Title: Ba Jin (1904–2005)
Author: Daniel Cairns
Date: 2011
Source: The International Encyclopedia of Revolution and Protest, Edited by Immanuel Ness. DOI: 10.1002/9781405198073.wbierp1759

The writer Ba Jin was born Li Yaotang, also named Feigan, to a wealthy family in Sichuan. Nominated for the Nobel Prize in literature twice, he is also considered to be one of the most influential Chinese writers of the twentieth century. His pen name derives from the Chinese transliterations of Bakunin and Kropotkin, both Russian anarchists he admired. At the age of 15 he declared himself an anarchist, shortly thereafter joining the Equality Society, a Chengdu-based revolutionary anarchist group. Through the organ of this group, Ba Jin published his first works, essays on Tolstoy and the Industrial Workers of the World (IWW). In the 1920s Ba Jin became an accomplished anarchist propagandist and translator, responsible for the first Chinese-language editions of many anarchist texts, although his literary accomplishments in fiction are better known. Yet, much of his fiction also addresses social and cultural issues. For example, his renowned novel The Family deals with the issue of oppression in the traditional Chinese family structure. Throughout his career, save for the Japanese invasion of China, he was a distinguished anti-militarist, if not necessarily a pacifist.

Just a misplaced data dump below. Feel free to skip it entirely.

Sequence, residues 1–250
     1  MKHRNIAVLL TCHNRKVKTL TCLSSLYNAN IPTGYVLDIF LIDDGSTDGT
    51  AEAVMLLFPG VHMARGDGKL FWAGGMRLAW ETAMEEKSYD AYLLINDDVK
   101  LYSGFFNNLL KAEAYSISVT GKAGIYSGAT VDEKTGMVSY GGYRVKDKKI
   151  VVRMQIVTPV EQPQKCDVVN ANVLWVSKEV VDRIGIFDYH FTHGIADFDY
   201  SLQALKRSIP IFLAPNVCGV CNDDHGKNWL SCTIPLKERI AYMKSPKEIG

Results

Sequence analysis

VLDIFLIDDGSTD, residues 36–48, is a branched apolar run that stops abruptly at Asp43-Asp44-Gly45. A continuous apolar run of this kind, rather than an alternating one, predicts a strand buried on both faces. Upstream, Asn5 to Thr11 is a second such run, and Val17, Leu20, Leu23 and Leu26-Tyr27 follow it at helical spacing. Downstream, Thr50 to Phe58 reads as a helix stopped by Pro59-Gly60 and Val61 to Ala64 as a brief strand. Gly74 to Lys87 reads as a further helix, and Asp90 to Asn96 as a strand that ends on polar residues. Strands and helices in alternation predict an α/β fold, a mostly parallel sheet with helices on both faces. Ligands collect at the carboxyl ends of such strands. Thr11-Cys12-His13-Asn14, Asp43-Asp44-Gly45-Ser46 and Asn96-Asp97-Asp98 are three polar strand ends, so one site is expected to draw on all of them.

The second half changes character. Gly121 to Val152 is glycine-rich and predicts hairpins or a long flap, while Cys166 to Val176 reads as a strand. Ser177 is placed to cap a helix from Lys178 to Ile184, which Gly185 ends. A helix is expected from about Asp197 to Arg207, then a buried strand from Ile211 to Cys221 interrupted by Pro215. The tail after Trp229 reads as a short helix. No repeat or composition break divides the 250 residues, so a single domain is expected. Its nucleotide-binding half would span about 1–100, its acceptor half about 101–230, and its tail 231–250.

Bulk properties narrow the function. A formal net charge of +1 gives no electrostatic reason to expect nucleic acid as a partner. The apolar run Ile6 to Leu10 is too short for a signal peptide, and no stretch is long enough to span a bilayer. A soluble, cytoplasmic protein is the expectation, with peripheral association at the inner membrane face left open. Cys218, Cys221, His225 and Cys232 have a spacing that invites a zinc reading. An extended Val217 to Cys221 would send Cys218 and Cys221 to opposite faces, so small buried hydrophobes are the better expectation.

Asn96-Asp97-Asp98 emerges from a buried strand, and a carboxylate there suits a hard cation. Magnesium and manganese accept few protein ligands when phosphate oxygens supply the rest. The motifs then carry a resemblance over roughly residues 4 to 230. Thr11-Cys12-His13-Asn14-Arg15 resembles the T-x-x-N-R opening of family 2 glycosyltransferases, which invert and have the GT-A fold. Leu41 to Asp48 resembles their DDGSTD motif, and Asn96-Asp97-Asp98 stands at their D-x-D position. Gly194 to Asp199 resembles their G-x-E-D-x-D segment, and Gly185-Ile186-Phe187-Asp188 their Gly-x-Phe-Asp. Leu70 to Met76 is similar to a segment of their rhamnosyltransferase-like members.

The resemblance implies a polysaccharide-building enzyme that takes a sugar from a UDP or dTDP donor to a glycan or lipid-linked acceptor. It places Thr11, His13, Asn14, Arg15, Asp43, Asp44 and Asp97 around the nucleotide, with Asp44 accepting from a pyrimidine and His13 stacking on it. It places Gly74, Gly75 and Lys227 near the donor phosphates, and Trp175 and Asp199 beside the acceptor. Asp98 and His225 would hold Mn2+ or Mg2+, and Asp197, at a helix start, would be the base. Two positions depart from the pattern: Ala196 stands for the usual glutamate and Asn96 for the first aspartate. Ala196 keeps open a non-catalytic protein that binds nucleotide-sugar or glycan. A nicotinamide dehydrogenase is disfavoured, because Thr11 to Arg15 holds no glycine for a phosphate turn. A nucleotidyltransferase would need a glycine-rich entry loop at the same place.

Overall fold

As an anti-statist, he was openly critical of the Guomindang (Nationalist Party) GMD and the Chinese Communist Party (CCP). However, he was rehabilitated in the People’s Republic of China later in his life, involving editing his complete works to suit the CCP. During the Cultural Revolution, Red Guards targeted him for “reeducation;” he was publicly thrashed and his library burned. He was arrested and sent to labor camps until 1976. Reemerging from the ordeal, he distinguished himself as a social commentator until his death.

References and Suggested Readings

Ba Jin. (1992) Family. Trans. S. Shapiro. Boston: Cheng, & Tsui.

Lang, O. (1967) Pa Chin and His Writings. Cambridge, MA: Harvard University Press.

Lau, J., & Goldblatt, H. (Eds.) (1995) The Columbia Anthology of Modern Chinese Literature. New York: Columbia University Press.

Mao, N. (1978) Pa Kin. Boston: Twayne.

Zhelokhovtsev, A. (1984) Ba Jin: Writer and Patriot. Far Eastern Affairs 1: 120–32.